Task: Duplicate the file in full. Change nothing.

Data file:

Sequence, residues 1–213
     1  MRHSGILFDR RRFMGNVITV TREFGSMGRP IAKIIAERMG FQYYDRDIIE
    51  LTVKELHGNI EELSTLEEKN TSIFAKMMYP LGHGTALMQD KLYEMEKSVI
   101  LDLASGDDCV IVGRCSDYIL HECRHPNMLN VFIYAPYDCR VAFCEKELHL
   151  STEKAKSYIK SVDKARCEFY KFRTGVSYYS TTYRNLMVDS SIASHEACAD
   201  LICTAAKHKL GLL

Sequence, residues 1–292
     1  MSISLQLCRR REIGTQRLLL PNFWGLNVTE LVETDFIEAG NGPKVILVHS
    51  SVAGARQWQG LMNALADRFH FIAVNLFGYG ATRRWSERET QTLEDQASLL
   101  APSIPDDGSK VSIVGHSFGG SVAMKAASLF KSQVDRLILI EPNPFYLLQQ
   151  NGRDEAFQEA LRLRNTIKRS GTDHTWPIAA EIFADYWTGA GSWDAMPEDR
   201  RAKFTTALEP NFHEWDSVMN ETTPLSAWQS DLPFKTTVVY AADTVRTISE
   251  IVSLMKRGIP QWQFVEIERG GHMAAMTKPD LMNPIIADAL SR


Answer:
Sequence, residues 1–213
     1  MRHSGILFDR RRFMGNVITV TREFGSMGRP IAKIIAERMG FQYYDRDIIE
    51  LTVKELHGNI EELSTLEEKN TSIFAKMMYP LGHGTALMQD KLYEMEKSVI
   101  LDLASGDDCV IVGRCSDYIL HECRHPNMLN VFIYAPYDCR VAFCEKELHL
   151  STEKAKSYIK SVDKARCEFY KFRTGVSYYS TTYRNLMVDS SIASHEACAD
   201  LICTAAKHKL GLL

Sequence, residues 1–292
     1  MSISLQLCRR REIGTQRLLL PNFWGLNVTE LVETDFIEAG NGPKVILVHS
    51  SVAGARQWQG LMNALADRFH FIAVNLFGYG ATRRWSERET QTLEDQASLL
   101  APSIPDDGSK VSIVGHSFGG SVAMKAASLF KSQVDRLILI EPNPFYLLQQ
   151  NGRDEAFQEA LRLRNTIKRS GTDHTWPIAA EIFADYWTGA GSWDAMPEDR
   201  RAKFTTALEP NFHEWDSVMN ETTPLSAWQS DLPFKTTVVY AADTVRTISE
   251  IVSLMKRGIP QWQFVEIERG GHMAAMTKPD LMNPIIADAL SR